Richard Miami, who coordinates the film and music programs at Copia, says there's nothing to do in Napa. He's lying. Why, on Friday night, right in the middle of downtown, there's a punk rock show at the local VFW hall! And what about the fellow playing accordion at the Italian restaurant down the block? Just because half the shops in downtown Napa close at 6 and the other half are closed for good doesn't mean the town's ... dead. OK, maybe, but the Ben & Jerry's shop is still open, and it's just past sunset.

So high culture can be a hard thing to come by in Napa, which goes a long way toward explaining why, according to Peggy Loar, 60 percent of Copia's 8,000 paying members live in Napa and Sonoma. Because Napa's cinematic needs are served solely by a multiplex puking up insults like Snow Dogs, art films go over like gangbusters. On a recent Friday night Copia's theater was stuffed with enough tweed sport coats to staff an English department for a screening of one of Buñuel's finest, funniest films, The Discreet Charm of the Bourgeoisie, about three couples desperately searching for a meal.

"A cheap, empty restaurant is dubious," one man says.

Everybody laughs. So true.

"No system can give the masses the proper social graces," somebody else says, later.

And everybody laughs at that as well.

A few days later, attendees are asked to pay $25 for a chance to see if white wine goes with parsley. With about a dozen folks attending, this goes over less than gangbusters.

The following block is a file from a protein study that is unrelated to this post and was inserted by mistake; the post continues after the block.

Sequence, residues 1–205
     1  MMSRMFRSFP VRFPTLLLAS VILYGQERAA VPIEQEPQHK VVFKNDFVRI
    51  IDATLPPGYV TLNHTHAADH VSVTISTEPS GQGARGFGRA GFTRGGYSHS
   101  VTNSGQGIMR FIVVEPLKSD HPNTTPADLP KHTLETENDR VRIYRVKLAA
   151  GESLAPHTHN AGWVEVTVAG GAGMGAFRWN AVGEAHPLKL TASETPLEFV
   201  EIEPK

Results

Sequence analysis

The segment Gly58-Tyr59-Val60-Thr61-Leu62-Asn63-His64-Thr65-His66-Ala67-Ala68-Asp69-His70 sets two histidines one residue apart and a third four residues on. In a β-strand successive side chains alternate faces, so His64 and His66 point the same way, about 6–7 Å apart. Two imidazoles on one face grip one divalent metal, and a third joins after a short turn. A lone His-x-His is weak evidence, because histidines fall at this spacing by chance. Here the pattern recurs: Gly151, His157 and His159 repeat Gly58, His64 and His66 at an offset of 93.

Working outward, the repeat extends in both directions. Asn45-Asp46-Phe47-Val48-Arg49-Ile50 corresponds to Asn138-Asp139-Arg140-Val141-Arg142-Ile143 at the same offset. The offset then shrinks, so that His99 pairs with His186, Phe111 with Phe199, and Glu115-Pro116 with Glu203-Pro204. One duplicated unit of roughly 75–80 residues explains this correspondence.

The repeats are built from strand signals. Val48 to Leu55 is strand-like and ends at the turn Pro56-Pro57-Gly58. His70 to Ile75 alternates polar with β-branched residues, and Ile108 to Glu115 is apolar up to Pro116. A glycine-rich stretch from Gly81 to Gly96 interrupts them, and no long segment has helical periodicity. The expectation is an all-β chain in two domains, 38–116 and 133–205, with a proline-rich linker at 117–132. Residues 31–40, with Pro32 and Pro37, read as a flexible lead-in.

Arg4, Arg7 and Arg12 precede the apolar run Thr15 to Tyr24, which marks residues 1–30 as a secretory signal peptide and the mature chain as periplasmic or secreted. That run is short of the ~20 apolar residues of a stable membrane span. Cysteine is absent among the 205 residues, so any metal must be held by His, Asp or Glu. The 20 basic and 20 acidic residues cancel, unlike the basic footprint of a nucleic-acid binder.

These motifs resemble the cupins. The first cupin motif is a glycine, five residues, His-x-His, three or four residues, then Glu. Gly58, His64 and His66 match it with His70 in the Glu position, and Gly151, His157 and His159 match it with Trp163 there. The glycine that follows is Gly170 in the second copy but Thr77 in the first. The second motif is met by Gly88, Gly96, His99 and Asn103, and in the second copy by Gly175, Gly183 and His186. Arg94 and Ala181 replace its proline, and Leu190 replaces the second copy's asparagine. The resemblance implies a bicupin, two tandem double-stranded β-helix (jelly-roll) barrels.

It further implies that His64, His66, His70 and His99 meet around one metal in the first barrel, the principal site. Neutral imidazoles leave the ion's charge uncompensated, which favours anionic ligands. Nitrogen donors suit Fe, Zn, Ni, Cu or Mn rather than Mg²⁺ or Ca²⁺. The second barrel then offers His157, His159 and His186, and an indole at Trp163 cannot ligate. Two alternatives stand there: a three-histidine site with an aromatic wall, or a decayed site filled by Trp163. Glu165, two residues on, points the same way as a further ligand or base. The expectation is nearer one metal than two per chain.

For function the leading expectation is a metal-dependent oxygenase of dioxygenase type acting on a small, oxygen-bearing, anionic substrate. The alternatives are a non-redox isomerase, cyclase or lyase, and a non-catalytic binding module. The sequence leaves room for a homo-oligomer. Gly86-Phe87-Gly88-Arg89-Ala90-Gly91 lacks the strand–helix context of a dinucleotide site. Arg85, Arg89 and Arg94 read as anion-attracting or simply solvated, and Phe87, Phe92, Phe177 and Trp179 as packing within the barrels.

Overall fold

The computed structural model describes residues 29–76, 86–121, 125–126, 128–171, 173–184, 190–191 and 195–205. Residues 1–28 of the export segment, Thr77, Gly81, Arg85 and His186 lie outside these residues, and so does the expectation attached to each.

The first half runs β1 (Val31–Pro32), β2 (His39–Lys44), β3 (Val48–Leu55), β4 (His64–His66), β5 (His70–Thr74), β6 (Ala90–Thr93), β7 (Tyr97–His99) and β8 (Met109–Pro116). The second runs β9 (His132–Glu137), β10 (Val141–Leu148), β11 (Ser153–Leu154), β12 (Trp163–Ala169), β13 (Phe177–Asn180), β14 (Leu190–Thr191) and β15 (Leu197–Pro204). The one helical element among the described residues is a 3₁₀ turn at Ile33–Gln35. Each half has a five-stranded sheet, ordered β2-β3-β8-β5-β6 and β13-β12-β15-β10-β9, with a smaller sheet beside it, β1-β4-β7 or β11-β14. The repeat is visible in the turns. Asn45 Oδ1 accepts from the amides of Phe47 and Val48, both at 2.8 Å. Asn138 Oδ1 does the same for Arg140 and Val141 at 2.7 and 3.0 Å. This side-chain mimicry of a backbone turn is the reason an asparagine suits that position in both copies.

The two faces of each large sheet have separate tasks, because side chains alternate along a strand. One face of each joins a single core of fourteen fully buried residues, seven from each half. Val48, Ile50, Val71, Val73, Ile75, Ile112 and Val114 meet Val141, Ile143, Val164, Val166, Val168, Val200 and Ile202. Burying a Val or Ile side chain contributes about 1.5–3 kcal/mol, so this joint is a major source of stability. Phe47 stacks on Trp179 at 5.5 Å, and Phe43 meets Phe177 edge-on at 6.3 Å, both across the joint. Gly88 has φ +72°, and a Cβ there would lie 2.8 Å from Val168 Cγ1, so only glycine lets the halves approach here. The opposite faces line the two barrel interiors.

"Welcome to Copia's very first Lunch and Learn," says Jeff Dawson, Copia's curator of gardens. We're back in the Food Forum for a little experiment. "Let's find out where some of you are from," he says. "Pennsylvania, OK. Kentucky. Connecticut. How many of you are from Sonoma? We're saluting Sonoma today." These sort of glad-handing, just-chatting-with-our-guests questions happen all the time at Copia -- sly little attempts to find out who, exactly, is showing up. "So, who came the farthest to get here?" "Soooo, seems like we have people from all over, right?" "So, how many of you are Bay Area people?"

Regardless of where we're from, we all have a fine time -- chardonnay with chervil, sauvignon blanc with parsley -- and we mutter approving things as Dawson encourages us to find a "seamless match" between wine and herbs. The quiche comes, and we're supposed to do the testing with the quiche, but we've pretty much drunk all our wine and the quiche is so damn good we've lost our interest in experimenting. A few people ask for the recipe. It's damn good quiche.

Figuring out what people want -- and don't want -- at Copia has been a touch-and-go process from the start. "We're finding out that they're not really signing up in advance as much as we expected," says Kara Nielsen, Copia's education programs director. "It's a lot more of, '"I'm gonna come, and sign up for the class at the last minute.'" Going to Copia requires a lot more homework than the average museum, zoo, movie theater, jazz club, what have you. Copia's ongoing problem is figuring out whether people actually want to plan ahead on their leisure visits.

About The Author

Mark Athitakis